I want the nuts and bolts. I don't want the stupidity of this blame and praise stuff, which is really the same. It's just stupid in a cosmic sense. It's just stupid to be living your life, running after praise and running away from blame.
If you're running after praise and running away from blame, then it's really hard to accept someone else giving you reflection. But being taught and being helped and people pointing things out that are practical, that's like gold.
Usefulness. Usefulness is way a better benchmark than did I succeed or fail? Or is someone telling me something I like hearing or I don't like hearing? It's more like, Is this useful?
When you're talking about getting detached from this connection between my effort and the result, and you're describing the reality of the situation that's much more complicated and lush and three-dimensional, do you feel like you have a different textural experience?
Yes. So what has to happen for you to breathe? How do you breathe?
I hardly do anything. I just let it unfold, I take in what's like around me.
Okay, well, think of this. First of all, in order for you to breathe, your parents have to have met and liked each other and decided to have you. And they have to have raised you to this point so that you can breathe now.
And then there has to be a world. A world has to come into being. And then there has to be a certain symbiosis between you and a world with plants and trees so that oxygen is being produced so that you can breathe.
And then when you breathe, all these myriad, myriad, myriad chemical reactions have to happen in your body that you're not aware of. That support you to turn that oxygen into what you use to sustain yourself.
And then there has to be a whole other apparatus of exhale where you get out the carbon dioxide. And then there's a whole other planetary apparatus where that carbon dioxide is used by other things so that it doesn't suffocate you.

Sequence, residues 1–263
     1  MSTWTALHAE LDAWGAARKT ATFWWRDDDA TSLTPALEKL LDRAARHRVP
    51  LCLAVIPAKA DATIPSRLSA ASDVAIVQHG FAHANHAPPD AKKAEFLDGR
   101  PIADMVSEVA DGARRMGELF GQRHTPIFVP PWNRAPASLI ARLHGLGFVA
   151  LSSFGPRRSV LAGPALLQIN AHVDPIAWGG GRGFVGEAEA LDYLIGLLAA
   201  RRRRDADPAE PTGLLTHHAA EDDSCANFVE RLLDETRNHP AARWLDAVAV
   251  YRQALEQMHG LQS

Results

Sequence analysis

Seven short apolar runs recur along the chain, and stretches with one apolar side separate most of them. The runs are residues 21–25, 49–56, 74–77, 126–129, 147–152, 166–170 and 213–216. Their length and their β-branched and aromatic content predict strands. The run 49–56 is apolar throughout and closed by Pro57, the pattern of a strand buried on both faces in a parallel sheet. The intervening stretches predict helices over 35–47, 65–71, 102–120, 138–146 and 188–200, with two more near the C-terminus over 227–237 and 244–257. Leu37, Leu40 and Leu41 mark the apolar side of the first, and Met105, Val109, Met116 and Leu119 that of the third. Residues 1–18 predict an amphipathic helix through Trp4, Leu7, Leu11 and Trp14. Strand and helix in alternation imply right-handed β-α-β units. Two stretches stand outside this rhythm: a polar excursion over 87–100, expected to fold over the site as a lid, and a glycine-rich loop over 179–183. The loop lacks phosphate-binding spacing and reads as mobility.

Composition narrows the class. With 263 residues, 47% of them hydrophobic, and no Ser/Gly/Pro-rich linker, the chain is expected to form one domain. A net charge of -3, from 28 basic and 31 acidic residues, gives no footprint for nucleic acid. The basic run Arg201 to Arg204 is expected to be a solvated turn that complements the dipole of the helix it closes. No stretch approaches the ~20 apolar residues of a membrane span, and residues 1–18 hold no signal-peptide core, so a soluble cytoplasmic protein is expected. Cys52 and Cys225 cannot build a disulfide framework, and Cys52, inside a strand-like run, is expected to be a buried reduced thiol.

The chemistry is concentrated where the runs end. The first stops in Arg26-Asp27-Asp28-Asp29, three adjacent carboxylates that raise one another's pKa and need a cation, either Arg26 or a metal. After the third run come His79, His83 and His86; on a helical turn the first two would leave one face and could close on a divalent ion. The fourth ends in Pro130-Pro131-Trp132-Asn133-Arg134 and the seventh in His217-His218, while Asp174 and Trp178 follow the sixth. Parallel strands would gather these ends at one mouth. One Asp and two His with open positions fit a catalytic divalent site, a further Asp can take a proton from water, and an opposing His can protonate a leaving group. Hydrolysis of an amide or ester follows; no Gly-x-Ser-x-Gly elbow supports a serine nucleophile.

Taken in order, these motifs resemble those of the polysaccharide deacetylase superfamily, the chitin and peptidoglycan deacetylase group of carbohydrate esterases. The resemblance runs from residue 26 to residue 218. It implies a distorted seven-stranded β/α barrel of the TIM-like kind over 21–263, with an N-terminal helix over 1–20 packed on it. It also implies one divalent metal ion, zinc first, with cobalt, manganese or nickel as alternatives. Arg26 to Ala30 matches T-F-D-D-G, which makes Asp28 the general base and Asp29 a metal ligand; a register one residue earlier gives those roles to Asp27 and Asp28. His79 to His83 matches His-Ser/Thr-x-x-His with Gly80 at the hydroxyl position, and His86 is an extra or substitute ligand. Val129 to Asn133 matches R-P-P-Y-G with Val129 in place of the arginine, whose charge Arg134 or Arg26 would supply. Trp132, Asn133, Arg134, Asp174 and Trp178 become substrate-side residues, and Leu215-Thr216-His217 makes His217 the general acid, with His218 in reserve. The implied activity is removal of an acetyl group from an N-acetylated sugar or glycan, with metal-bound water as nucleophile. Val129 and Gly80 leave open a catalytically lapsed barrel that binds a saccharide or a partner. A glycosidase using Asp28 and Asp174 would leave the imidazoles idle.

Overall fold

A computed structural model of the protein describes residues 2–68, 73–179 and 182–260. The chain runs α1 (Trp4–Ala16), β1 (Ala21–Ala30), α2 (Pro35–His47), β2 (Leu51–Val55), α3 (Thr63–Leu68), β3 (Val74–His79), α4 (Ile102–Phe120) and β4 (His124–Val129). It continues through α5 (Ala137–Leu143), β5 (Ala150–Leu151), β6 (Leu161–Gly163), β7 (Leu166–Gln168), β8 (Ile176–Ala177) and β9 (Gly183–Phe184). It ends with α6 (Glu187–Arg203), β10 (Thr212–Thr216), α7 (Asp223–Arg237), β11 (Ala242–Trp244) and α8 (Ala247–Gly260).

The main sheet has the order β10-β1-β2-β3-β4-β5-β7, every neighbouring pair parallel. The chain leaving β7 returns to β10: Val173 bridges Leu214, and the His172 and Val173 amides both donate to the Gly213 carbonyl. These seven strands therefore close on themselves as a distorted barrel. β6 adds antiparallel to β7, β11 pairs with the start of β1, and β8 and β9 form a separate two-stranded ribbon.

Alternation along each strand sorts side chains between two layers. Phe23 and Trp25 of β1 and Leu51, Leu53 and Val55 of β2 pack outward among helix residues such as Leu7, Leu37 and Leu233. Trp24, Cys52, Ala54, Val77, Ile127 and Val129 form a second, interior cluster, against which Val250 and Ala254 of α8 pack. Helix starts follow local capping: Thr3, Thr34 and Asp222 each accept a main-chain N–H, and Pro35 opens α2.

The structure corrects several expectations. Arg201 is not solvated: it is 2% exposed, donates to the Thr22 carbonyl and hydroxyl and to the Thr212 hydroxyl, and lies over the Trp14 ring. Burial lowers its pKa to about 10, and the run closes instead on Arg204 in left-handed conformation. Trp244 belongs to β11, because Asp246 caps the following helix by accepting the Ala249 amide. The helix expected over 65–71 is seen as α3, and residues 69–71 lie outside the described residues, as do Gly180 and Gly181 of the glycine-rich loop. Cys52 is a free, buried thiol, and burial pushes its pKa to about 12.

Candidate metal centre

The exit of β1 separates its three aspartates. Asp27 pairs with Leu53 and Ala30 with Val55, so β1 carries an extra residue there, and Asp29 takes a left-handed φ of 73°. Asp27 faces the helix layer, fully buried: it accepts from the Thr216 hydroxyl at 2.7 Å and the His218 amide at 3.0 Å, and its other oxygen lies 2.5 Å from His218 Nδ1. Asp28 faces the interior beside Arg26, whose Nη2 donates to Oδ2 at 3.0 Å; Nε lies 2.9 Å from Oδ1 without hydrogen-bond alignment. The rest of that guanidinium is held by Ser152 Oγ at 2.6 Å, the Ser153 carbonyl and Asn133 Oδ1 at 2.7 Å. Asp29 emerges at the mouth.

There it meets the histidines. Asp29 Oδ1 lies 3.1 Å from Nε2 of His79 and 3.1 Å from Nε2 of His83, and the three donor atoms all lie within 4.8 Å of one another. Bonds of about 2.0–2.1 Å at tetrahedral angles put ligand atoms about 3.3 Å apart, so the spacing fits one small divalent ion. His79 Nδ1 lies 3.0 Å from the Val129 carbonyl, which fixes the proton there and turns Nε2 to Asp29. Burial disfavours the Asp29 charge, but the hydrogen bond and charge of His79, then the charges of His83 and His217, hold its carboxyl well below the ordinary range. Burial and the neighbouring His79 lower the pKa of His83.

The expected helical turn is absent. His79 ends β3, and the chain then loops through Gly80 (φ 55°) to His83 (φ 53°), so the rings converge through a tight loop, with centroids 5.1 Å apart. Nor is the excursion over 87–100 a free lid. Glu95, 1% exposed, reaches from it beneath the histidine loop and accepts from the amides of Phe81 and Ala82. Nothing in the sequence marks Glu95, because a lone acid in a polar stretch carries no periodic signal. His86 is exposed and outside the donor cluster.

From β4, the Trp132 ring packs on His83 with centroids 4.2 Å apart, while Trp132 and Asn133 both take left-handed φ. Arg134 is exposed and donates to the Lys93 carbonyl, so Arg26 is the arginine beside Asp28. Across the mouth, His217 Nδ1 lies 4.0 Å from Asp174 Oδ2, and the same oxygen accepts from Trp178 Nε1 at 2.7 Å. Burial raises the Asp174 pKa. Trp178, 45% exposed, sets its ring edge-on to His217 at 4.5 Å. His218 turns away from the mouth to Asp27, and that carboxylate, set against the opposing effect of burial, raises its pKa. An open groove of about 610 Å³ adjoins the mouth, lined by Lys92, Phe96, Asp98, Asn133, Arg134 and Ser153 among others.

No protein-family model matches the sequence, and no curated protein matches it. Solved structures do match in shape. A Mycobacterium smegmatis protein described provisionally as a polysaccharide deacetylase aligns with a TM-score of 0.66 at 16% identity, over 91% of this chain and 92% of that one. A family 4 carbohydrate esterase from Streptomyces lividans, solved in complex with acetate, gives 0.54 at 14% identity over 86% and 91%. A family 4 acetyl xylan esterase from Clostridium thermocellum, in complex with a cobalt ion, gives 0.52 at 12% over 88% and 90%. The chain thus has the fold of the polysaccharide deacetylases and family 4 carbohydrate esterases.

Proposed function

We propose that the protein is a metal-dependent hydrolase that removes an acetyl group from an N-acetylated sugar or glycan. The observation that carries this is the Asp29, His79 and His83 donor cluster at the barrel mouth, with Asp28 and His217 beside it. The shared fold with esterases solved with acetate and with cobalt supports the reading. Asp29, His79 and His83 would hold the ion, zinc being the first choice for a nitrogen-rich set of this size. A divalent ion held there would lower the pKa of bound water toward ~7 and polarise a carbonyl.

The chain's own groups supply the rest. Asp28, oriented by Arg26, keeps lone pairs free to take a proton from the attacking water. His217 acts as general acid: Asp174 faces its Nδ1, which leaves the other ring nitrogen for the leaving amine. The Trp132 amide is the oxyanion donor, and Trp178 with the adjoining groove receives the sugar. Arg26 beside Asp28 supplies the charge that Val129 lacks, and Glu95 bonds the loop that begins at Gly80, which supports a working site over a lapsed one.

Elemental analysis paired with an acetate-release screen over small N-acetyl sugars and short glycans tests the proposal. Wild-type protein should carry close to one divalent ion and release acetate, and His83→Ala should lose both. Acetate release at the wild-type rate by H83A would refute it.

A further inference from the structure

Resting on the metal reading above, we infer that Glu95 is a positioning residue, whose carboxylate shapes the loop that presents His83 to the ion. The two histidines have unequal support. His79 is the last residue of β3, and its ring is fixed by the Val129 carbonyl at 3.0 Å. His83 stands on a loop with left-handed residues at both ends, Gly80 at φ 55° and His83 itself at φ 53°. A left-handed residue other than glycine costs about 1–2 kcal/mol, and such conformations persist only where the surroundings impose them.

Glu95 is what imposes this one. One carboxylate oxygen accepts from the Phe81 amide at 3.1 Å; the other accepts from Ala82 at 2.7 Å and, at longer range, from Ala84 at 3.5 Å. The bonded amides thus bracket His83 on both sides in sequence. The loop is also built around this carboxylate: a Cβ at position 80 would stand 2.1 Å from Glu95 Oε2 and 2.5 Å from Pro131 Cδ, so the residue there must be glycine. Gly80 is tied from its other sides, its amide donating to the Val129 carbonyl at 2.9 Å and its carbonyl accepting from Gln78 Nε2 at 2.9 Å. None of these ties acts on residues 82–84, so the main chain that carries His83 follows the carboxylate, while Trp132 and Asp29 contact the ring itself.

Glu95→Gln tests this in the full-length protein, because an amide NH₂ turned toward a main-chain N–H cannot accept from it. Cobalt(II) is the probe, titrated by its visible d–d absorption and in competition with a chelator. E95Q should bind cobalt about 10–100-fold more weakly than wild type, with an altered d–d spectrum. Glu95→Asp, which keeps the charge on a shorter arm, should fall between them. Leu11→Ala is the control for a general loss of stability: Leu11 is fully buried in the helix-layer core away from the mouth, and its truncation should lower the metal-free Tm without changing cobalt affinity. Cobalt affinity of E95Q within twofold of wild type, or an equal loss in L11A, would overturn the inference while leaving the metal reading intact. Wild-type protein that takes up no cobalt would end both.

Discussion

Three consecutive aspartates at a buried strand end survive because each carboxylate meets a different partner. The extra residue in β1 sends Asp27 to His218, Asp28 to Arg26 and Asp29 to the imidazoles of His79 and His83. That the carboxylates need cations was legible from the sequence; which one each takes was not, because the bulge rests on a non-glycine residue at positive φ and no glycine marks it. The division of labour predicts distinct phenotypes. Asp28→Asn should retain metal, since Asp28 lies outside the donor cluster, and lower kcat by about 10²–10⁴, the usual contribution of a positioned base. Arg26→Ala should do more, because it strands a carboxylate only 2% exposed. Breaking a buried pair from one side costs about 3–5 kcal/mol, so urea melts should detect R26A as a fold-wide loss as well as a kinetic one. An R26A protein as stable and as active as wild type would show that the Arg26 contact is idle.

And so basically, you inhaling and exhaling is a tiny, tiny, tiny, tiny little aspect of how you breathe. Everything is like that. So what you need to do if you want to find the mandala, other than by feeling it through having realized it in practice, is to widen the circle.
Like, when I asked you, how do you breathe? You gave the answer that most people would give.
I said I hardly do anything.
Then I said, well, how do you breathe? And you said, well, I take air in. So when you want to know the answer to your own question, you have to keep widening the circle. Widening, widening, widening. So that you can understand that there's just so much that goes into every little thing.
It's just something we're not trained to think of, that's all. We're trained to think of ourselves as self-sufficient or somehow autonomous in some ways. And we don't think of the bigger picture.
You can think of it in an ordinary way. If you don't have that experience yet in sadhana of being in an alive, aware mandala, you can still think of it in a very ordinary and useful way.
By just continually moving your perspective out, to think about what goes into every little thing that you do. It's really a matter of perspective. We all have a certain perspective because we have certain concepts about things.
If we break through those concepts and move out more, then we can begin to see ourselves as woven into this mandala. What the Buddhists call interdependence. Interdependence is more like what I'm describing.
It's more ordinary in a sense, because at some point after you've done sadhana for a while, you're going to just feel the mandala. Sometimes things will become apparent that you're being supported in some unusual way. I've talked about a lot of those events in my life.
But other times you just feel that you're in this mandala, you're immersed in it, and you're just doing your bit. But until you get to that point, you can mechanically just remember to widen your view. Just think about what is going into what you're doing.
And of course, also think about, you won't even know 10% of it, or 5% of it, or 1% of it. Because most of it is unfathomable and stretches back to past lives. Why you answered the way you did is also a product of an infinite mandala.